Does that mean if you run the CPU too much, it will die quickly? Is there some low limit on time at full power? Electromigration problems, perhaps?
That would be my bet. They probably assumed based on typical workloads, a certain percentage of the time, the part would be asleep. Which is generally a reasonable assumption for non-server parts.
More sleep means less activity, and less heat (which accelerates EM)
Is this the limit for CPU speed and transistor size?
That's really disturbing if true. Poor power management has resulted in devices being warmer than they need to be and shorter battery life, but that seems trivial in comparison to the hardware actually being damaged. IMHO I would consider it a flaw if a CPU did not last effectively forever at full load --- older OSs which lacked any sort of power management basically kept the CPU in this state all the time, and there's plenty of old hardware around and working to show that it isn't unrealistic.
It seems they're heavily sacrificing lifespan for performance, which is attractive to (most) users and also builds in some planned obolescence, but it's sad that what was once considered to have indefinite lifetime is now almost a consumable. To use a car analogy, this is like moving from a conservatively designed engine that lasts hundreds of thousands of miles but only produces 100HP to a top-fuel dragster engine that can produce thousands of HP but can't run at full power for even a minute without destroying itself.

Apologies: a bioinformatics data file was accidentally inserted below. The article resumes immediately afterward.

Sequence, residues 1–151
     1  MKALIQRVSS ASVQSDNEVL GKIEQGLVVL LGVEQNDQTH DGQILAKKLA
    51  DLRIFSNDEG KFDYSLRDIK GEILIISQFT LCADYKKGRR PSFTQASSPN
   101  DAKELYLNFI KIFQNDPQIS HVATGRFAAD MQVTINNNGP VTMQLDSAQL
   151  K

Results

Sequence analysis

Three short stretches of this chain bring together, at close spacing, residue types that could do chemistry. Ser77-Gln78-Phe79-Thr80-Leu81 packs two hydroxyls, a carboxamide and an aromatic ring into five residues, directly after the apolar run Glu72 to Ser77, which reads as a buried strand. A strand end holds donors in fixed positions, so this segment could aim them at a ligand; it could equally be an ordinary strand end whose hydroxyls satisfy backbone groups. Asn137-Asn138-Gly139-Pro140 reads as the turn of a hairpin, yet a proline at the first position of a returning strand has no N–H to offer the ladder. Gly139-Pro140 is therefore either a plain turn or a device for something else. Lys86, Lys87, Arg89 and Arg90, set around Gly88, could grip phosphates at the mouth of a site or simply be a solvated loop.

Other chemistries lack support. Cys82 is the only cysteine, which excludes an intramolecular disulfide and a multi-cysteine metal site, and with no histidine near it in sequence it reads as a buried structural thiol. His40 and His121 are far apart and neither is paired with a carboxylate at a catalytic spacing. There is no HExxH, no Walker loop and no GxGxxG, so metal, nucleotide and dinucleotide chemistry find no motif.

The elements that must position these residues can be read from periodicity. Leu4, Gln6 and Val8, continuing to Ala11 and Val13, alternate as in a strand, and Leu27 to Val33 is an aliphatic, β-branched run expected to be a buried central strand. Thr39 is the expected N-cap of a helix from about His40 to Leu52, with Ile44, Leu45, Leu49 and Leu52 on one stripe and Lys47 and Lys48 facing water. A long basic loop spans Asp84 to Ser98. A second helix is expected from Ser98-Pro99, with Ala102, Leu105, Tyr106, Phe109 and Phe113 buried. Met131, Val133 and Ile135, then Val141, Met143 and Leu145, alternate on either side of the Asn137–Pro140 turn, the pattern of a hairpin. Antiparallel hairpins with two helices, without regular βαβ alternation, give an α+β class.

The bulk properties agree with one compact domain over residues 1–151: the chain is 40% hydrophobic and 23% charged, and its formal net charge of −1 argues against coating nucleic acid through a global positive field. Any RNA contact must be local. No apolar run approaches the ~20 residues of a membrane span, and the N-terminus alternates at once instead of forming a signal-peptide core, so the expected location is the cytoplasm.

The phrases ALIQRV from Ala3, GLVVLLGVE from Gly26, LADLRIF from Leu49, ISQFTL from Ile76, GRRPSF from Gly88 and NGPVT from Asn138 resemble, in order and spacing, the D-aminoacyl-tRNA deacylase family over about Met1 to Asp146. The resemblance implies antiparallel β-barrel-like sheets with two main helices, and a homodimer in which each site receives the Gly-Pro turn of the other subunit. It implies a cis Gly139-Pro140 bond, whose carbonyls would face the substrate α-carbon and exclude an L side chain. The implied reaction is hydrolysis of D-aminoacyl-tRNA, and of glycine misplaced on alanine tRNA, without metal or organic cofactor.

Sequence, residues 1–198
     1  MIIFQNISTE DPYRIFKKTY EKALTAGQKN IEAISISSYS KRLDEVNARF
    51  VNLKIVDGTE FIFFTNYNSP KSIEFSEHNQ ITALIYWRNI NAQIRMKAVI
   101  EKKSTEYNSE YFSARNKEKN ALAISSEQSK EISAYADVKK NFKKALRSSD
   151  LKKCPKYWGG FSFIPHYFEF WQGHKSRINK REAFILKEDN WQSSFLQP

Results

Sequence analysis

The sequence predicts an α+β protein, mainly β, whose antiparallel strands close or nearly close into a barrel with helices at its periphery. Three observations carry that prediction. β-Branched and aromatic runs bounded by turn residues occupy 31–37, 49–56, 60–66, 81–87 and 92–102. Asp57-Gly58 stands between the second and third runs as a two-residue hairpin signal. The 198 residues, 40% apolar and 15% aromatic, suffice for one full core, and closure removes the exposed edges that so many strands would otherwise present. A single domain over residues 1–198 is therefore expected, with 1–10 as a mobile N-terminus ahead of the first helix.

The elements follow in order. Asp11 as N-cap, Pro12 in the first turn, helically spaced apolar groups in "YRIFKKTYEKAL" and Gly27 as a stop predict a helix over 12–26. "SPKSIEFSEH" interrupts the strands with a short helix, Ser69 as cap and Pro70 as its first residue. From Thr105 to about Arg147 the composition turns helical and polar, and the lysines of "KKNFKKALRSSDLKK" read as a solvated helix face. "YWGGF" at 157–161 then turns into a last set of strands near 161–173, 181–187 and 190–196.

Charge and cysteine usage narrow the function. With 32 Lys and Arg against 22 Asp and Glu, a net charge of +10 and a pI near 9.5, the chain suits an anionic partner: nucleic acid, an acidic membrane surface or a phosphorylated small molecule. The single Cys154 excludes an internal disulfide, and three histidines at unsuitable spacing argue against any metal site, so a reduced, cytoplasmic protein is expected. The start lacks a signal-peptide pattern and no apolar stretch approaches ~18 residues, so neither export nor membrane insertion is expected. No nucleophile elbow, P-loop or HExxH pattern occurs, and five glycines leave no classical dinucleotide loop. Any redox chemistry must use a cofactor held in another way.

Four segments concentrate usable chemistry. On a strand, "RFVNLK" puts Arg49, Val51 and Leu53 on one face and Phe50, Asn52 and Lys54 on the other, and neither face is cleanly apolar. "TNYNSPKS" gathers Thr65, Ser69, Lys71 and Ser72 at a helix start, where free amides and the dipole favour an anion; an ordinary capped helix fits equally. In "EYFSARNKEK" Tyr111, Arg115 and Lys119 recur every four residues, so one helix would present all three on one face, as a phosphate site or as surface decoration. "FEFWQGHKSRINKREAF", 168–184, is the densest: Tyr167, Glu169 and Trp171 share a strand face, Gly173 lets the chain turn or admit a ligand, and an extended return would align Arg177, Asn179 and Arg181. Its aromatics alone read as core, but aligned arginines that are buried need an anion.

I still do all my development at home on an i5-2600K and an i5-2430 laptop, neither is noticeably slower than any of the new machines I've used (both have SSD's).
I'll probably run this desktop til it dies as there is no compelling reason to upgrade.
The US applies export controls to radiation-hardened ICs, which has resulted in a dearth of rad-hard ICs. Nobody wants to run a silicon on sapphire fab any more.